The Intel SATA SSD supports a maximum queue depth of 32 per drive. Depending on the transfer size, increasing IO queue depth above a certain number diminishes the increase of performance and causes a sharp increase in latency.

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Queuing write operations has less impact on performance because the Intel® SSD always has

power-protected write cache enabled. Power-power-protected write caching enables the host to immediately acknowledge the write IO completion, and queues the write IOs internally.

At the software level, IO queuing is accomplished using asynchronous IO or multiple threads. If using a native SATA controller, such as Intel ICH10, the controller must be configured to use AHCI mode, which enables Native Command Queuing (NCQ) support. Usually this can be done in the system BIOS. Embedded software RAID modes generally support NCQ.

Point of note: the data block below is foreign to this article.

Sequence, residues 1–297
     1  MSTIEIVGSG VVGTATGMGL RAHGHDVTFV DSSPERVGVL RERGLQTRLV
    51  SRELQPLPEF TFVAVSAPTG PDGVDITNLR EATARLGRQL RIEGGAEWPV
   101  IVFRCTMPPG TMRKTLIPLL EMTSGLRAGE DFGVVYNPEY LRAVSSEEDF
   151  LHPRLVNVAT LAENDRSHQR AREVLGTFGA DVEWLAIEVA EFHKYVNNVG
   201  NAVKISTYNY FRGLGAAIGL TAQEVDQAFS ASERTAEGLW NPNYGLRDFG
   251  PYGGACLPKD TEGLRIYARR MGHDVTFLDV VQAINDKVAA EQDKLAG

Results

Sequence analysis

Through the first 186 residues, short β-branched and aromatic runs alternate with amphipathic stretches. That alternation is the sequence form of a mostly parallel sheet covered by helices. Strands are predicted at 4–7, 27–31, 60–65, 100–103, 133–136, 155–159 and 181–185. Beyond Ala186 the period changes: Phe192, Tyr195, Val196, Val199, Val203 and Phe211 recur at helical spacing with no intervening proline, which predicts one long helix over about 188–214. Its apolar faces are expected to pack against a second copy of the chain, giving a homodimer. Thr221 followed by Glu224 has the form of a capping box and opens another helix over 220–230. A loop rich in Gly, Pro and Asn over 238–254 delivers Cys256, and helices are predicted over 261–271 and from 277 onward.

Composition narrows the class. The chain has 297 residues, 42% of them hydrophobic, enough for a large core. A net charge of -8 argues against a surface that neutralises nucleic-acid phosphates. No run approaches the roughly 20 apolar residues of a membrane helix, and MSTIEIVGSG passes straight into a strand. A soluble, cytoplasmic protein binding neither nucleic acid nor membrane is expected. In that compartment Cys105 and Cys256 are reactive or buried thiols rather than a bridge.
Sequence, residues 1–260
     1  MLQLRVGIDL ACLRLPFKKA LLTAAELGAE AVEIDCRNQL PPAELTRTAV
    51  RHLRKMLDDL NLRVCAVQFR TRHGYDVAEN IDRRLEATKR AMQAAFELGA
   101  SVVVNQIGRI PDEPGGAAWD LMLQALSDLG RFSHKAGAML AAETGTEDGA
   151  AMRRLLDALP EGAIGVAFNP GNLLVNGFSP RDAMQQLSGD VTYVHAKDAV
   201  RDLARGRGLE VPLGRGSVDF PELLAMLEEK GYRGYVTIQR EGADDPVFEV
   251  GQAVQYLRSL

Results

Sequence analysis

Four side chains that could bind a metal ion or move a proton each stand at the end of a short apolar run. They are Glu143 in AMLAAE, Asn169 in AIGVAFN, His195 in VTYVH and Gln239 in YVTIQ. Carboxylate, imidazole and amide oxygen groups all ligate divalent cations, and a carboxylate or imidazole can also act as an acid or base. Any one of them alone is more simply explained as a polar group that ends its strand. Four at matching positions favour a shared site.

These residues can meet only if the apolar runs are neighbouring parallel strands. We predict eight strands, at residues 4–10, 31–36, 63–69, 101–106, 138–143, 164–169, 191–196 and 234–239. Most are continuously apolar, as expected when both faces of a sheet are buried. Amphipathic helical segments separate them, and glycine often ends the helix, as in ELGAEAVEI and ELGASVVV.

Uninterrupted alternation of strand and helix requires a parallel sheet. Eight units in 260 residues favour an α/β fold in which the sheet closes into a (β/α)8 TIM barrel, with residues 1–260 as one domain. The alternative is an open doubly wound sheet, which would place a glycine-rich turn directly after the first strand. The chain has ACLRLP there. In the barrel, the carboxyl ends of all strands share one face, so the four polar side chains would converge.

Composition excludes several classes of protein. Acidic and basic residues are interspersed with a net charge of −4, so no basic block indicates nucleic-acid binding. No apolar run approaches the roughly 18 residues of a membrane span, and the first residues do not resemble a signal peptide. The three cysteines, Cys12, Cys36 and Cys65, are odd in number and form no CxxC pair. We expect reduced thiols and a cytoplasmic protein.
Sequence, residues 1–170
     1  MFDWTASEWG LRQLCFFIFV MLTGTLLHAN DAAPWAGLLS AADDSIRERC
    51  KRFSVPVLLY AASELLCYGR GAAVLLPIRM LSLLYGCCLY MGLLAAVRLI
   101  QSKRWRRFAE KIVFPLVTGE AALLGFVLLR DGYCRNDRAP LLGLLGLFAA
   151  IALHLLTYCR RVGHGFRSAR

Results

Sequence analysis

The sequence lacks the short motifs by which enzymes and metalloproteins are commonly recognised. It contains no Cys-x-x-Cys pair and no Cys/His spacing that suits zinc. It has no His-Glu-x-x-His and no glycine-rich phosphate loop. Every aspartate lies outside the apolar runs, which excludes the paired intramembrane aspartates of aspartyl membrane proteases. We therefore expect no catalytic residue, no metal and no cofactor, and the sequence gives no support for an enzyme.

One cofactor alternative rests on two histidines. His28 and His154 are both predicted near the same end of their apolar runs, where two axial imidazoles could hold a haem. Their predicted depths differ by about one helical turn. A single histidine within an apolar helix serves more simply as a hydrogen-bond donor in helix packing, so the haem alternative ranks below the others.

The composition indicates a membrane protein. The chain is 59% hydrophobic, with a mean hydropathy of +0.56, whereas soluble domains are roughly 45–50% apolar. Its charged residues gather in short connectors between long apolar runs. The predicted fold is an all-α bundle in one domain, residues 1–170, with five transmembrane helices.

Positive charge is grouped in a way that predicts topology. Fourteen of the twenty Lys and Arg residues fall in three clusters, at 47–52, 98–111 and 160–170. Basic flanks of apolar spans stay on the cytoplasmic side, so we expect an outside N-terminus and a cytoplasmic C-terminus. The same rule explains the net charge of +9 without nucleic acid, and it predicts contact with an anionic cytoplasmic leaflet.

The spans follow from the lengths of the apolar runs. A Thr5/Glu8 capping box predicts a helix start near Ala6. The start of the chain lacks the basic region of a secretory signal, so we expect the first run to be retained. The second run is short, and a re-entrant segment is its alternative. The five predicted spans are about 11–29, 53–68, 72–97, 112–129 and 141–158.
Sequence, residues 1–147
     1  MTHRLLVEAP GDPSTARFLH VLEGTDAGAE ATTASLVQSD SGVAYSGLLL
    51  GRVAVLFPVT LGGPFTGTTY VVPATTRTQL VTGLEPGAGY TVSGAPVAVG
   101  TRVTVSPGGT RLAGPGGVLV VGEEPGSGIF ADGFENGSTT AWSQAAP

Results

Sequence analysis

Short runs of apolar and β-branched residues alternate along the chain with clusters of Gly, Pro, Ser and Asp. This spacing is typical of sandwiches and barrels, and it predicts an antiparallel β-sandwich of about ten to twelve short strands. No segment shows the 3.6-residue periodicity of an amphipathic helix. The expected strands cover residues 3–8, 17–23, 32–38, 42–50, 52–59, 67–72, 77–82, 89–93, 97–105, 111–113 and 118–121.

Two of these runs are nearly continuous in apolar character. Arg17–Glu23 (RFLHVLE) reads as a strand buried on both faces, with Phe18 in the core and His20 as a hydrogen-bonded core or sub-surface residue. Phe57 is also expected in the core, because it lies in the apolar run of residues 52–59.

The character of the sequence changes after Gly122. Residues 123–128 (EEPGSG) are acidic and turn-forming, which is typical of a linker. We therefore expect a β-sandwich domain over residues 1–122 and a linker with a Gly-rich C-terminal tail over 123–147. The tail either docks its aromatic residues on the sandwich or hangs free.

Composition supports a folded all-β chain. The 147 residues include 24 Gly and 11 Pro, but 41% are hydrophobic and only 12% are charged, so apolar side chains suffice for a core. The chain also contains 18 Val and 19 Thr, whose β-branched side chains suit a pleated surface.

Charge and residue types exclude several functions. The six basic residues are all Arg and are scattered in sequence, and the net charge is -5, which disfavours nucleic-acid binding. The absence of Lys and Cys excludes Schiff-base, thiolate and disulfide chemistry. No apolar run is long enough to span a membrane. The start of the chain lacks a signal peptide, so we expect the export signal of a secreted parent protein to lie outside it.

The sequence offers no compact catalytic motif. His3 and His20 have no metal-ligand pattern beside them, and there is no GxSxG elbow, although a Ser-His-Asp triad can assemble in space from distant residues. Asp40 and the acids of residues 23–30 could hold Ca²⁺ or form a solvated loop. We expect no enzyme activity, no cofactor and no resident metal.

SAS and SATA host bus adapters (HBAs) and RAID controllers generally have NCQ enabled by default. If there is an option for enabling or disabling NCQ, it should be enabled.

Figure 2–5 illustrates the performance curves (IOPS and Latency) generated by an Intel SSD DC S3500 800GB drive with varying queue depth in a mixed workload.

Figure 2-5: Intel® DC S3500 800 GB SSD Showing Latency versus Queue

Depth - 4K Transfers

2.6

End to End Date Protection

The Intel® SSD DC S3700 and S3500 Series’ end-to-end data protection scheme delivers robust data

integrity by protecting against possible corruption of in-transit and stored data through every element of the SSD—including NAND, SRAM and DRAM memory—starting when the data enters the drive until the point it leaves. End-to-end data protection uses several techniques such as parity checks, Cyclic Redundancy Checks (CRC) and Logical Block Address (LBA) tag checks along the data path. Once an error is detected, the SSD immediately attempts to correct it; any uncorrectable error is reported to the host. Figure 2–6 shows how each stage of the data path and non-data path are protected using the end-to-end data protection scheme.

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Figure 2-6: End-to-End Data Protection

2.7

Power Loss Detection

Intel® Enterprise class SSDs contain a power loss detection circuit called PLI (Power Loss Imminent).